While we talk, a few twenty-somethings in bright blue 350.org shirts—members of Bill McKibben’s campaign to stop global warming—are stuffing leftover pamphlets into a large duffel bag just a few meters from where we sit. A large group of young people that were gathered on the floor near a cardboard replica of a Mayan pyramid plastered with bright photographs of oceans and mountains has dispersed. It’s the end of the day. Christine is yawning, and I expect the caffeine from my third cup of coffee to wear off soon. I think about how happy I am to no longer be sitting in conference rooms listening to delegates speak incomprehensibly, when as if on cue, Christine says the most clear and decent thing I have heard since the conference began: “We need to take care of the place we live in and we have a responsibility to take care of others as well. For me this is not a sacrifice.”

I smile in agreement, and ask her what she believes is the job of young people in the effort to prevent the worst of their possible futures. She says she’s here to learn the political game and hopes to share her knowledge with others back home. When I ask if she thinks we have time to wait for UN negotiators or if they’ll design an effective climate deal, she responds with optimism: “I have faith in the system. Continuing the dialogue is what’s going to get us there.” A little while later, when our conversation turns to the market’s starring role in almost every climate plan under consideration by leading negotiators, she’s less sure; a gentle reminder that having “faith in the system,” often requires one to be selective with the facts.

There are more than a few reasons to doubt the rationale and political will of those behind the wheel. It was late in June of 1988, over twenty-two years ago that NASA scientist James Hansen told members of the US Congress that man-made global warming is here. During that same summer, a conference of atmospheric scientists in Toronto agreed that climate change represents a threat to human survival second only to nuclear war. Now, two decades later, we find ourselves in Cancún, in the sixteenth year of UN deliberations, where every negotiator I’ve spoken to is talking about limiting andpreparing for global warming—not stopping it.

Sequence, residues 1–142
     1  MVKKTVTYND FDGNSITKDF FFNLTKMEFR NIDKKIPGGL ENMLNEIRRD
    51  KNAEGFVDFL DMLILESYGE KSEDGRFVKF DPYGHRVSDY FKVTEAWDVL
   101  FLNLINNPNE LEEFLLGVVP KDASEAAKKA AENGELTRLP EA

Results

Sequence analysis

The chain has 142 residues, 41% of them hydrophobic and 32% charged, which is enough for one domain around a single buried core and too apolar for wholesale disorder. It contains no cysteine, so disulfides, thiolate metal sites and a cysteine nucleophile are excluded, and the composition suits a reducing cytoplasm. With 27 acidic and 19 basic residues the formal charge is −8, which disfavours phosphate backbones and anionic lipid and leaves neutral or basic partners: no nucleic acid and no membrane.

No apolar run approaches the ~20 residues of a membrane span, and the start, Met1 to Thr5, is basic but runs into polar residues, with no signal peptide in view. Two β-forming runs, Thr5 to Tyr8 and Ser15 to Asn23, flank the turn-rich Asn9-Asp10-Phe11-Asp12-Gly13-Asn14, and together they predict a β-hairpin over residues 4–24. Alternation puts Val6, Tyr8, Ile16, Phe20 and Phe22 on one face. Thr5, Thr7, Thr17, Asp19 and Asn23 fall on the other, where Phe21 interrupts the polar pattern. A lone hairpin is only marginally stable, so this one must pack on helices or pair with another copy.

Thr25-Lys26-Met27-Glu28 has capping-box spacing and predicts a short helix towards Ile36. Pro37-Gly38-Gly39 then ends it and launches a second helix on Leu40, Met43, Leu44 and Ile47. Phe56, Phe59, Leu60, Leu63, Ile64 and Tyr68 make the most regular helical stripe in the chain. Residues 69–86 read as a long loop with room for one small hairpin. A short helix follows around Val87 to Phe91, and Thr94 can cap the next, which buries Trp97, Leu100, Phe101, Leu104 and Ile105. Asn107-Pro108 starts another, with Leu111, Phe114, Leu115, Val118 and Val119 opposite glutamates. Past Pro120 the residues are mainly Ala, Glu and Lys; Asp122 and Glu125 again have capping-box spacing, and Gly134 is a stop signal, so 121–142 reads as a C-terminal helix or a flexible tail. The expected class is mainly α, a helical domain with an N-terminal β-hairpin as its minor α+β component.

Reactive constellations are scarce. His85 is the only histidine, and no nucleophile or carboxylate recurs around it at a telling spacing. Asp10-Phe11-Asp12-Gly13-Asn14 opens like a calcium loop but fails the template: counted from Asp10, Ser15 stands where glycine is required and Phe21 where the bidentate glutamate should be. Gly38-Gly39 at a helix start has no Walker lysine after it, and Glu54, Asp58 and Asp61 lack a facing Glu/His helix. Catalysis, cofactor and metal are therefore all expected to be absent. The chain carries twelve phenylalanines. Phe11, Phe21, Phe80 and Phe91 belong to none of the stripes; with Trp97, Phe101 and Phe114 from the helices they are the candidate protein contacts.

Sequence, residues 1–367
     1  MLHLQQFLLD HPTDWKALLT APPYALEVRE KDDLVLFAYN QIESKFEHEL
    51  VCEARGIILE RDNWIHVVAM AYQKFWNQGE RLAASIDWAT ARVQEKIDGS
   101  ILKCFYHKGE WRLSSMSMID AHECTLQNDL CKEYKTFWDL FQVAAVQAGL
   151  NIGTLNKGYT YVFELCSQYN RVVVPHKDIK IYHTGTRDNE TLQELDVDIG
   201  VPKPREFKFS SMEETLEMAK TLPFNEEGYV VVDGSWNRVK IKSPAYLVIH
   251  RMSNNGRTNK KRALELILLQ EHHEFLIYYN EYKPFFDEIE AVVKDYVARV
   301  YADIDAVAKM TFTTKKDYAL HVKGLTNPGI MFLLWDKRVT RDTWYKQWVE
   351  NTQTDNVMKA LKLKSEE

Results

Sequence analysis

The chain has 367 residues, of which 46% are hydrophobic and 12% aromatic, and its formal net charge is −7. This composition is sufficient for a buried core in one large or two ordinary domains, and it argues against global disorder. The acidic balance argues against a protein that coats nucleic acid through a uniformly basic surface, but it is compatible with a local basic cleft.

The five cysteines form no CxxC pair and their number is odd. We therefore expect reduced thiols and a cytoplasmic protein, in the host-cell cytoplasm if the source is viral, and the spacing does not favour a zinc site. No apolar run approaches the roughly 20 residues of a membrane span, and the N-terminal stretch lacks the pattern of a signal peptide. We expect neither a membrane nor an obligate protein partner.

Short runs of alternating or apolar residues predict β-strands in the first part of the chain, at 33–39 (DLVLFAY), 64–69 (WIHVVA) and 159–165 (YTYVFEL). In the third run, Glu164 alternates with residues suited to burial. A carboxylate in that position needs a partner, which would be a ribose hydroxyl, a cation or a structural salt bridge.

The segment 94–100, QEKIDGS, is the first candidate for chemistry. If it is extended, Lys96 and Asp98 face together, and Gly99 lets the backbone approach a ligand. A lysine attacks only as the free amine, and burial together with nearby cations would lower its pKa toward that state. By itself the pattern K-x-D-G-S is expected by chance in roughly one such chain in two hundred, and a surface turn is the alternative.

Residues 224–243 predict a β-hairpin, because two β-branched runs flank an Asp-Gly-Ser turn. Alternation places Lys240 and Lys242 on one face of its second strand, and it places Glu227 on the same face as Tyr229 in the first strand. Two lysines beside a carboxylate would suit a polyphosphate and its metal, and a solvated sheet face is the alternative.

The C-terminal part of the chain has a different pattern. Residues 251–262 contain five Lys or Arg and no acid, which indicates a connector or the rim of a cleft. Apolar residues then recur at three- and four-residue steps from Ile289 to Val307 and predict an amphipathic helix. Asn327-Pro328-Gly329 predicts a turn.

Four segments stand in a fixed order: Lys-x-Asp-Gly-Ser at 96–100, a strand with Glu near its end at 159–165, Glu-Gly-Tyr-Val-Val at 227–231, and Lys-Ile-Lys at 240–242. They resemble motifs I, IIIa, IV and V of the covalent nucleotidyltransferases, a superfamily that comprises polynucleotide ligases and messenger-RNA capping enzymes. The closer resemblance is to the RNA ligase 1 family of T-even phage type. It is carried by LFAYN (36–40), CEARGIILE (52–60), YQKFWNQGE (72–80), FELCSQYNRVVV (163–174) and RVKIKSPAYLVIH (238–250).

This fact is unsettling during the conclusion of the conference’s first week, when DARAand the Climate Vulnerable Forum released their Climate Vulnerability Monitor 2010, a peer-reviewed report that attempts to classify the world’s regions, countries and communities in terms of vulnerability to climate change based on the latest available data.

The report’s opening pages read:


A climate death is one that occurs as a consequence of increasingly common violent storms and floods, epidemics, severe drought, desertification and rising seas, the report says.

As if these facts are not distressing enough, read what Michael Zammit-Cutajar, former Executive Secretary of the UNFCCC and one of the Monitor’s trusted advisors told me in a hallway immediately after the report’s release, when I asked how it would be ensured that the findings are taken into consideration in this year’s negotiations:

“Negotiators don’t take studies into consideration,” he said. “You know, you don’t expect them to pick it [the report] up, and have it make a difference to what they’re saying now. That takes time. You can’t just discuss it and put it on the table.”

When I asked whose responsibility it is to ensure the report’s findings are included in UN deliberations, Zammit told me it was up to the authors, that this process thrives in a marketplace of ideas. You have a conference and a trade fair, he said, and once again: these things take time.

I told him it is troubling to learn that the contents of a brand new, authoritative, peer-reviewed report that outlines the dangers and solutions to a problem scientists tell us is likely the greatest present threat to human survival—and which he just spent the better part of an hour promoting—would not immediately be included in our leaders’ deliberations. He and a nearby delegate scoffed. He pointed to the report in his handbag, which he opened and pushed close to me. Lowering his head to look me in the eye, slightly above his spectacles, he asked: “Do you have time to read that? How long do you think this takes to read? You don’t expect a dense report like this to have an impact across the corridor here on negotiations.”

“He’s right,” I thought, a moment after I turned off my microphone and gave him my thanks. “He’s exactly right. We don’t have that kind of time.”